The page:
Spending to the max, building a competitive roster and never being bad on purpose: that’s how I would sum up the Calgary Flames’ operational modus operandi.
However, to truly understand Calgary’s organizational philosophy, it is helpful to recognize the underlying myths that support it.
The character of the contemporary Flames franchise was forged by two pivotal events: the terrible Young Guns era and the Red Mile Stanley Cup run that ended it.
Fans outside a certain age bracket won’t remember the Young Guns period, which spanned nearly a decade between 1995-96 and 2003-04. Calgary ranked no higher than 20th in the league between those two points and was roundly considered a pitiful rival throughout the NHL.
Marketed as an apparent rebuild, the reality was a team desperately reeling from growing market disparities within the league.
Faced with skyrocketing player salaries and a weak Canadian dollar, Calgary could not afford to retain its talent. Starting in 1991, they gradually shed almost an entire roster of superstars.
Doug Gilmour, Al MacInnis, Joe Nieuwendyk, Joey Mullen, Gary Roberts, Sergei Makarov, Robert Reichel and Gary Suter were either traded or fled to free agency.
Theoren Fleury was the last vestige of the 1989 championship team that left in 1999.
Attendance plummeted. Entire sections of the Saddledome were covered with tarps. In 2000, a subscription drive for “Save the Flames” was launched.
The futility and hopelessness of that era is hard to relate to those who weren’t living in Calgary or rooting for the team at the time. He left an indelible mark on the psyche of the organization.
This also explains the jubilation generated by the club’s Cinderella Cup run in 2004. The story of a struggling underdog guided by a stalwart and historic coach recaptured the city and ignited the fan base.
The Red Mile not only ended the darkest period in franchise history, but it also established the idea that anything is possible if you make the playoffs.
The Dueling Characters of “Young Guns” Vs. “The Red Mile” of hero and villain no doubt implicitly wage war in the hearts and minds of the Flames front office. They are the polarized embodiment of rebuilding versus competing, at each end a conditioned response of humiliation versus triumph.
The Young Gun years were a Sisyphean struggle, an eight-year nightmare in which the team seemed to endlessly claw and claw up a steep, muddy slope, only to immediately retreat without success.
Not surprisingly, the powers that be have little interest in intentionally conjuring up a similar challenge.
This is the emotional paradox facing both team decision-makers and fans as Calgary’s contention aspirations erode. The specter of being bad on purpose only to be trapped in the basement indefinitely naturally makes the Flames faithful retreat in revulsion.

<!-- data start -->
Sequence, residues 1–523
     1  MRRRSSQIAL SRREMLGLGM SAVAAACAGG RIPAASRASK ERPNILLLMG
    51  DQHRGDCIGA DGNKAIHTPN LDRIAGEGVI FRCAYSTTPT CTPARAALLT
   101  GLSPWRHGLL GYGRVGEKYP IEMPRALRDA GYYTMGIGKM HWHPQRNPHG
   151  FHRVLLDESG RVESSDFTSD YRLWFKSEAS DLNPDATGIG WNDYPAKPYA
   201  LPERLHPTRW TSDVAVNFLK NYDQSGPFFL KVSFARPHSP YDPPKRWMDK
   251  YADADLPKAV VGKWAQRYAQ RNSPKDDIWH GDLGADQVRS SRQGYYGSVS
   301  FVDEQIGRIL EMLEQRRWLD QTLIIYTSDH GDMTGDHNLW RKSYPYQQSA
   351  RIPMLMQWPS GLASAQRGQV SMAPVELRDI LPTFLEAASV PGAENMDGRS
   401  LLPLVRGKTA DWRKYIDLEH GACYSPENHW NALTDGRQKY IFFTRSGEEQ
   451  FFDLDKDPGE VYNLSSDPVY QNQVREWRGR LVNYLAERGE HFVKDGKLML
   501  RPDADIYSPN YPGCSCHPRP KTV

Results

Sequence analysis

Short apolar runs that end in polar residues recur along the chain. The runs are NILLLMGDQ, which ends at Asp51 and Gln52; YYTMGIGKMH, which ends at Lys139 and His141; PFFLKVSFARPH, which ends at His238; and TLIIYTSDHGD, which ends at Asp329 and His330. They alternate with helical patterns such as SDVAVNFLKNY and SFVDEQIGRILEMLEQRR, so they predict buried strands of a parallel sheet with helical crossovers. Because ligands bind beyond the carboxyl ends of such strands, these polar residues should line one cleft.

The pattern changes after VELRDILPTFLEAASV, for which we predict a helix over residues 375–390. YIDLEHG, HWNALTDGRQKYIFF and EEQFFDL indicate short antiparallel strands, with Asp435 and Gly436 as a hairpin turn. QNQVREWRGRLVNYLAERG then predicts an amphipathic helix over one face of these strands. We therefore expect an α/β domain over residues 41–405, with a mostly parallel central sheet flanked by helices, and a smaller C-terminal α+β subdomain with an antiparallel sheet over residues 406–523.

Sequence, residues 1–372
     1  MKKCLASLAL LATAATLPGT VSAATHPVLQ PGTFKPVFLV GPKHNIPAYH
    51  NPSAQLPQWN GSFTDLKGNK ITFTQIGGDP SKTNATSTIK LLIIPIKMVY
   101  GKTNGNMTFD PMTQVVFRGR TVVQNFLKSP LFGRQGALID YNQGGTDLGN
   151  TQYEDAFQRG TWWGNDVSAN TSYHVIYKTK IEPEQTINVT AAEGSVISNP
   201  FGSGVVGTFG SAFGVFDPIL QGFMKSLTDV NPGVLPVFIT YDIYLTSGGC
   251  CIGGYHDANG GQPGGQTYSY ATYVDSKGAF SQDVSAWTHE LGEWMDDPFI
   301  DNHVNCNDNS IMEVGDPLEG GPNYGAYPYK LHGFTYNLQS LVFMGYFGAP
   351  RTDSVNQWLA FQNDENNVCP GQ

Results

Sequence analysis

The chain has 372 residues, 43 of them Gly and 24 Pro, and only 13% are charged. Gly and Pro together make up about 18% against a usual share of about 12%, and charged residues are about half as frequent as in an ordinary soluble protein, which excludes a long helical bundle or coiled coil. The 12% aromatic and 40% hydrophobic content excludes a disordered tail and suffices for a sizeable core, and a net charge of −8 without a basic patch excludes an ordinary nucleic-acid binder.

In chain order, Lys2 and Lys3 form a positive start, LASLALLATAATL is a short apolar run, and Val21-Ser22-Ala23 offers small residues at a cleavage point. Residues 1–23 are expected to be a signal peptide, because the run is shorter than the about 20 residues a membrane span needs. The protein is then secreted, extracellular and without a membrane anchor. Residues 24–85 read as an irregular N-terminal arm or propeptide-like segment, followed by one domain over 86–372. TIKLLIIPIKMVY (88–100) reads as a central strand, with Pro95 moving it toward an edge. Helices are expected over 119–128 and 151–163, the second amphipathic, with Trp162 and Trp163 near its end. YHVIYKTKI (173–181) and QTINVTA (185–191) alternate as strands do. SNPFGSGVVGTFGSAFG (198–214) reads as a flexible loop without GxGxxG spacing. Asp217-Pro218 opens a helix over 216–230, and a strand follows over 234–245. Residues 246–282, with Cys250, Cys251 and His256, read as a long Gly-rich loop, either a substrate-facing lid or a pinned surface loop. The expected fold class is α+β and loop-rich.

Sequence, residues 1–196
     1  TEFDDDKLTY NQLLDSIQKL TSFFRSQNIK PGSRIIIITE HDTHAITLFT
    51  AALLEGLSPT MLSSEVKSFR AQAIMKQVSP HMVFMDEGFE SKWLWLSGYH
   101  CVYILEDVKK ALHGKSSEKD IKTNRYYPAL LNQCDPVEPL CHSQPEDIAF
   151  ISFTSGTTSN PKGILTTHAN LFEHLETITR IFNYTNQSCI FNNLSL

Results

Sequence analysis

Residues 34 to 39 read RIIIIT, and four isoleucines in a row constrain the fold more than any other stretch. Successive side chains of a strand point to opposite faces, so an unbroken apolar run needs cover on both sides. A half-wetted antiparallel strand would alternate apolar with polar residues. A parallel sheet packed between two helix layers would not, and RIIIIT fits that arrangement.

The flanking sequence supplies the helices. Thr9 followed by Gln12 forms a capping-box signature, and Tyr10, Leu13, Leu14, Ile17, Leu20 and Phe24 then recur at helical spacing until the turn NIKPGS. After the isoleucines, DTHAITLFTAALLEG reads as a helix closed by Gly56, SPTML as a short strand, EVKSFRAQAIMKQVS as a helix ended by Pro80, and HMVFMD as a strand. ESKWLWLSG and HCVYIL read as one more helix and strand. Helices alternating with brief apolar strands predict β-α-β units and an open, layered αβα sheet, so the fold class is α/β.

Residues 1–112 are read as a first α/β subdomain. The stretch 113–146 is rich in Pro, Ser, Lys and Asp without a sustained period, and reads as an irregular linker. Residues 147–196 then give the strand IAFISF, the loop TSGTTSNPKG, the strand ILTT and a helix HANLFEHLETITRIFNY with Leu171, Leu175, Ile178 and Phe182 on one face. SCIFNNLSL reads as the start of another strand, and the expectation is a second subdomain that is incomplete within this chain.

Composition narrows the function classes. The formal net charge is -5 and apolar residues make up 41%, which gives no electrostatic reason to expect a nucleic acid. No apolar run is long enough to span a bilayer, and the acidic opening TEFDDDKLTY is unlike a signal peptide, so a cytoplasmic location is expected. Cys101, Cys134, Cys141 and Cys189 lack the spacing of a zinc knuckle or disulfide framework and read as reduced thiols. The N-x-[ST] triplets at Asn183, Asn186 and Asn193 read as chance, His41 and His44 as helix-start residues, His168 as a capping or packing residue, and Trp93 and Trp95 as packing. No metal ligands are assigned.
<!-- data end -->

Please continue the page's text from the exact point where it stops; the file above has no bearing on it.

Looking thoughtfully into that kind of abyss, one can only think: “Win now, win now, we should always try to win now.”
Unfortunately, the debts of Brad Treliving’s regime are increasingly overdue. The cost of trying to compete in the short term will continue to rise, while the possibility of competing will increasingly decline in the future.
As it stands, Calgary ranks between 19th and 24th in the league by almost any metric you care to name: points, goal difference, points percentage, expected goals ratio, etc. Five other teams stand between them and a Western Conference wild card. place.
Even if a fourth-quarter miracle resulted in an unlikely postseason berth, the Flames are much more likely to be cannon fodder than an inspirational underdog.
The 2004 Cup run strengthened this franchise, but it came thanks to a generational talent (Jarome Iginla), one of the organization’s best goaltenders (Miikka Kiprusoff) and a hall of fame coach.
It was also a once-in-a-lifetime event in more than 40 years. An atypical case, a shooting star, lightning in a bottle. To be remembered, but not replicated.
In fact, cup races and reconstructions are not necessarily antipodes, but rather necessary points in a balance that balances future and present victories.
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The seeds of Calgary’s resurgence were planted during the darkest of times, with the trade of Nieuwendyk to Dallas for Iginla. Robyn Regehr came from the Fleury trade.
If Doug Gilmour had been traded for Futures, instead of Gary Leeman, Calgary’s next decade might not have been so hopeless.
The trade deadline is approaching and, with it, the threat of losing Noah Hanifin, Elias Lindholm and Chris Tanev in free agency: three more stars from their small group.
The goal now is not to avoid a rebuild, which is inevitable, but to accept it and manage it to ensure it does not last a decade.